For someone with long limbs I am strangely awkward when it comes to climbing, hiking and trekking.

It was super muddy and so hard not to fall in!

But it was also very cool to watch the locals at work - they do everything by hand and I love that everyone really does wear those little cone-shaped hats.

Having successfully crossed the rice paddies we ventured on into the bamboo forest.

We wound our way through, trying not to trip over giant roots and batting away mosquitoes as we went.

Eventually we found our way out to the river, and boy, was it nice to paddle and attempt to clean our muddy trainers and legs - I don't think my trainers will ever be pink again! *sob*

Considering we'd been walking for a good few hours I was jolly pleased to hear we were being picked up from there.

And whaddaya know! It was my new fave mode of transport: a cattle truck. After last time I was a pro at holding on, ducking and squatting to dodge branches. It's really quite a lovely way to see the scenery.

Well, until the heavens open and you get soaked to your skin. (White shorts were not the best choice.)

Thank goodness our hotel actually had hot showers! (I know, I can barely believe what I put up with either.)

I'm not going to lie to you, the afternoon was spent watching Fred Claus from my hotel room and drinking tea. When travelling for months, you really do sometimes need a bit of time to do nothing. If you try and go, go, go all the time, you burn out.

Also, Fred Claus is an awesome film. Have you ever seen it? However it did leave me feeling super confused - I suddenly felt all festive but it was super hot outside and there were palm trees everywhere! So not right.

That evening we went out for dinner (I had a burrito, still didn't feel up to Asian)  followed by a traditional Indonesian pudding of fruit with sugary ice.

I didn't really know what I was in for when I ordered it, but my goodness that was a sugar bomb in a bowl! The sugary ice tasted like the sickliest bubblegum, and you know it's sweet if even I say it's sickly. I'm now understanding why people here don't have the best teeth...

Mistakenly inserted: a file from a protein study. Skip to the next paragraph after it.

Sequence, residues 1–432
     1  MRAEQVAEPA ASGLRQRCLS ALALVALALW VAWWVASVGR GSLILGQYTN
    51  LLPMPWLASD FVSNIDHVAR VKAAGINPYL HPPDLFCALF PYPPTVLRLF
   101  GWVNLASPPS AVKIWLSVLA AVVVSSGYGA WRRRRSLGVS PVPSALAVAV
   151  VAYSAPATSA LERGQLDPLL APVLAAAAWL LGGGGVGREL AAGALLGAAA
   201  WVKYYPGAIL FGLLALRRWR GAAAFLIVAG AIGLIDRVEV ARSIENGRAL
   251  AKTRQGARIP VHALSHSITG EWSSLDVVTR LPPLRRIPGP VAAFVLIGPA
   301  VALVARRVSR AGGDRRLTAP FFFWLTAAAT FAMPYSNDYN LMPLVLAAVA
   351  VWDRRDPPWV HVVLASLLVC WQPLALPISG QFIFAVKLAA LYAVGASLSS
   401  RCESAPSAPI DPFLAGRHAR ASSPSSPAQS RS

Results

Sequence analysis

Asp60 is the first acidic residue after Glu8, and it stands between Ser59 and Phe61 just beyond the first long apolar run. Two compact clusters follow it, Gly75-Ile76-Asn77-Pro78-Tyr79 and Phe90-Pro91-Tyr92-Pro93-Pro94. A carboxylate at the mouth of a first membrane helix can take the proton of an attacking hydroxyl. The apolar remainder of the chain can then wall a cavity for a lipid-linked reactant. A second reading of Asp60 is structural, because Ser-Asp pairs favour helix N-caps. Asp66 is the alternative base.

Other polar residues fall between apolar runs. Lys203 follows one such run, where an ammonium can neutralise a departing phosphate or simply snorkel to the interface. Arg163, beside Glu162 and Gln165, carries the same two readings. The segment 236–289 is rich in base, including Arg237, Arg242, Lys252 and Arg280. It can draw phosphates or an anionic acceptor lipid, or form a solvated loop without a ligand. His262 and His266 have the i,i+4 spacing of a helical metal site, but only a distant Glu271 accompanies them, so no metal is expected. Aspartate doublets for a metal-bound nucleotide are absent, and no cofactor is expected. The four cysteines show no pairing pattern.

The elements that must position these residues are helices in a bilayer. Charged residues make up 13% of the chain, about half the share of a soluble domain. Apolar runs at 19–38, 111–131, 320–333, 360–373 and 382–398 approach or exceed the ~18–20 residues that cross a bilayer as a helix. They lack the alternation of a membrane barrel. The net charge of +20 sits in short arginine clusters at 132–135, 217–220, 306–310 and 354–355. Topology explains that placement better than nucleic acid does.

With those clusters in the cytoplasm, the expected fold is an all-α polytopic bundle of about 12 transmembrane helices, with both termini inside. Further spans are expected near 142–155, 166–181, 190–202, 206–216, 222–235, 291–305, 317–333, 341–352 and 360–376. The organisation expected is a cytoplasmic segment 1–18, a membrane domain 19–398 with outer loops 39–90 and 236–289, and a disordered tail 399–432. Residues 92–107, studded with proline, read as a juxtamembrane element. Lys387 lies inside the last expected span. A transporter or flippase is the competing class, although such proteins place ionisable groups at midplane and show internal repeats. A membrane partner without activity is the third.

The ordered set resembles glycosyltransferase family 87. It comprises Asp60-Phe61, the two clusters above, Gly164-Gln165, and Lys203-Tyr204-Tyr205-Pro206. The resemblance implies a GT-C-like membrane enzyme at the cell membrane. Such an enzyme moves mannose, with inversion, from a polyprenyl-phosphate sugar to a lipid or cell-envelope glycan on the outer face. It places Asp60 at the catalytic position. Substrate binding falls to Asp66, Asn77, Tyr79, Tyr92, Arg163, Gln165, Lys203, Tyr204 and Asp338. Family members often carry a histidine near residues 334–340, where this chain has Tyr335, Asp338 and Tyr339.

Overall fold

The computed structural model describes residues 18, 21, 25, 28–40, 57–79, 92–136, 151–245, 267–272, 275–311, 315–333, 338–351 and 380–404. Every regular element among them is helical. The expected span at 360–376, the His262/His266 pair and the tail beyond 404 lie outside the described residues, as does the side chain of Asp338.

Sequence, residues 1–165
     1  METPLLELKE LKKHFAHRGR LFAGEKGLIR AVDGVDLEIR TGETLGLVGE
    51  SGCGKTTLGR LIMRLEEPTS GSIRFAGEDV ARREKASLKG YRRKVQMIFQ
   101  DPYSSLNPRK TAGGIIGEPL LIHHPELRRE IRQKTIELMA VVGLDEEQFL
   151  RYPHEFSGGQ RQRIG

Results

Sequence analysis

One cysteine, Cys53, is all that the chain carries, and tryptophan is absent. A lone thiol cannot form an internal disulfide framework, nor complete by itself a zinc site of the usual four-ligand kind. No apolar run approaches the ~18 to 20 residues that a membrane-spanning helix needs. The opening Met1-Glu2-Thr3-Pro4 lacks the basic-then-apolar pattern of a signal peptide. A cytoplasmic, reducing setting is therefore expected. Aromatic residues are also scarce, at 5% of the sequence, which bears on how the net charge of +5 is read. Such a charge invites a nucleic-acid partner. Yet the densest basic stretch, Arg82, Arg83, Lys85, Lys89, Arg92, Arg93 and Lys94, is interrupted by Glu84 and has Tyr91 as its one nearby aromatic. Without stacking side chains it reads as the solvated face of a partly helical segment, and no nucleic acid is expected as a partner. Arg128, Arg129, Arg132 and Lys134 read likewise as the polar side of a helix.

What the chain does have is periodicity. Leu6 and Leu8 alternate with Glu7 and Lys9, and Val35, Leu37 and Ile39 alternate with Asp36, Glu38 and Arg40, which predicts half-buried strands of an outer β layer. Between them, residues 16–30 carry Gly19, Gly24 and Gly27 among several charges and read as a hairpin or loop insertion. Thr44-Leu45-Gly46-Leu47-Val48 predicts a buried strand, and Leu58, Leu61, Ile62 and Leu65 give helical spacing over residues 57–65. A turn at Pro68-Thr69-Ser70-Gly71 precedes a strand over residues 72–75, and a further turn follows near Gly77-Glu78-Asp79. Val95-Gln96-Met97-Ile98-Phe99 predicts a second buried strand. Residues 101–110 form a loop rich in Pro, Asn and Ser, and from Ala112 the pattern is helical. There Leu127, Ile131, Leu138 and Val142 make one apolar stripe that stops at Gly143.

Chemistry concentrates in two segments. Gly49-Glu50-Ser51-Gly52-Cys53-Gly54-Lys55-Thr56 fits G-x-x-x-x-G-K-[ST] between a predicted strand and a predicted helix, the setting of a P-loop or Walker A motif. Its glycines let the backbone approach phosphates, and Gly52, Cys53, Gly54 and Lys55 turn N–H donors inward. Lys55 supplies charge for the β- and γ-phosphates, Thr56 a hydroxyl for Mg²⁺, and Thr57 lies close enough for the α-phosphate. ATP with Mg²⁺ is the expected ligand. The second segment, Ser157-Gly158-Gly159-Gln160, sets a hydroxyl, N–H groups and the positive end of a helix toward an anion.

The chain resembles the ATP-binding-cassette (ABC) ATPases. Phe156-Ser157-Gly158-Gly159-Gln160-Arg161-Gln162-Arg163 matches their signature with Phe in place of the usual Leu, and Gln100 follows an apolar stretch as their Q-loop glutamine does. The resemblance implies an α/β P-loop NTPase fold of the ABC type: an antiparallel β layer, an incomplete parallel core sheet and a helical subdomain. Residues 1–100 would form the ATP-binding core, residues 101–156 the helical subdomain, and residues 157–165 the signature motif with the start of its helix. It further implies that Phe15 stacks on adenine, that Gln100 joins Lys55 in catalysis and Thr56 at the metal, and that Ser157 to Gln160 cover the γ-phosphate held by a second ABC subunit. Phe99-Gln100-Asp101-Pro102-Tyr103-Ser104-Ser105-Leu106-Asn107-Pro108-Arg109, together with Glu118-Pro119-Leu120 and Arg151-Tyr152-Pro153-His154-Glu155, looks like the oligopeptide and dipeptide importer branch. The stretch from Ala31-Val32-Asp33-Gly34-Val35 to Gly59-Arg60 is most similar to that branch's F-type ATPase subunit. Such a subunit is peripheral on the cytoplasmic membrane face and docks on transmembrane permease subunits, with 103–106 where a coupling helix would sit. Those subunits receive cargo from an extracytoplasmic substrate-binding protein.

We ended the evening with a traditional Indonesian dance and music performance in the little theatre in Bukittinggi.

I loved it!

The musicians were so talented - I was amazed at their focus playing complex tunes without any music.

And the dancers were absolutely fabulous - their costumes were beautiful and their dancing so different to anything I've ever seen.

A few of us audience members were called up to get involved (I like to think I hit the gong with panache) and I really enjoyed sampling a little more local culture.

The most impressive part of the show, however, came at the end.

You guys, they danced on smashed plates and glass! I have no idea how, it was absolutely mad.

And then the lights dimmed and fire was brought into the performance, just for extra wow I imagine. And wow me it did.

It had been a fantastic evening.

The next morning we hit the road again to set off for the final stop in Sumatra: Padang.

It was just a stopover so we spent our afternoon lying by the pool just off the Indian Ocean and indulging in what was finally a nice hotel after a fortnight practically in the jungle.

And the next morning it was off to the airport to fly to our next Indonesian island: Java!


  1. Loving these travel posts! Welcome to the Southern Hemisphere :P